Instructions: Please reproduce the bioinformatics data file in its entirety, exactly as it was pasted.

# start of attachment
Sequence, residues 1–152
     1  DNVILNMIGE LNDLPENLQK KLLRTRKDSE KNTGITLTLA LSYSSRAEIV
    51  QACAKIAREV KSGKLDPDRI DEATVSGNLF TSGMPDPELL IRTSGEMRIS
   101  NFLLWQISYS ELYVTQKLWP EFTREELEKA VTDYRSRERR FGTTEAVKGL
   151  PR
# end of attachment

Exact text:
Sequence, residues 1–152
     1  DNVILNMIGE LNDLPENLQK KLLRTRKDSE KNTGITLTLA LSYSSRAEIV
    51  QACAKIAREV KSGKLDPDRI DEATVSGNLF TSGMPDPELL IRTSGEMRIS
   101  NFLLWQISYS ELYVTQKLWP EFTREELEKA VTDYRSRERR FGTTEAVKGL
   151  PR